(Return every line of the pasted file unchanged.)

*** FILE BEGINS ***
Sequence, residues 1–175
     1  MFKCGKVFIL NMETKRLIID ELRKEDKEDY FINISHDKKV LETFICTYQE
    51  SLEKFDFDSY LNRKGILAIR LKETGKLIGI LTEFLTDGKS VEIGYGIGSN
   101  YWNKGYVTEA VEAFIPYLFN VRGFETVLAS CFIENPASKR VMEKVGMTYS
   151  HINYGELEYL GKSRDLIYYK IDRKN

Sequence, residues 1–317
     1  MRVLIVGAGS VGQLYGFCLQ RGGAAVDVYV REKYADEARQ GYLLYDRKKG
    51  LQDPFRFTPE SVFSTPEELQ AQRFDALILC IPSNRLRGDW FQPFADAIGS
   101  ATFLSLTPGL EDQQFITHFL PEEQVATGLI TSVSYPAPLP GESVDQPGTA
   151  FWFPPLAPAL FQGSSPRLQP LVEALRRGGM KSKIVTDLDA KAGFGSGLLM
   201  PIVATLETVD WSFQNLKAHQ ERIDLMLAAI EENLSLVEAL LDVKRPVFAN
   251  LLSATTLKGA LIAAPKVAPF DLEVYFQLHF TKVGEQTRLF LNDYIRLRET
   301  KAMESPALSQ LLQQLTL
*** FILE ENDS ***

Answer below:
Sequence, residues 1–175
     1  MFKCGKVFIL NMETKRLIID ELRKEDKEDY FINISHDKKV LETFICTYQE
    51  SLEKFDFDSY LNRKGILAIR LKETGKLIGI LTEFLTDGKS VEIGYGIGSN
   101  YWNKGYVTEA VEAFIPYLFN VRGFETVLAS CFIENPASKR VMEKVGMTYS
   151  HINYGELEYL GKSRDLIYYK IDRKN

Sequence, residues 1–317
     1  MRVLIVGAGS VGQLYGFCLQ RGGAAVDVYV REKYADEARQ GYLLYDRKKG
    51  LQDPFRFTPE SVFSTPEELQ AQRFDALILC IPSNRLRGDW FQPFADAIGS
   101  ATFLSLTPGL EDQQFITHFL PEEQVATGLI TSVSYPAPLP GESVDQPGTA
   151  FWFPPLAPAL FQGSSPRLQP LVEALRRGGM KSKIVTDLDA KAGFGSGLLM
   201  PIVATLETVD WSFQNLKAHQ ERIDLMLAAI EENLSLVEAL LDVKRPVFAN
   251  LLSATTLKGA LIAAPKVAPF DLEVYFQLHF TKVGEQTRLF LNDYIRLRET
   301  KAMESPALSQ LLQQLTL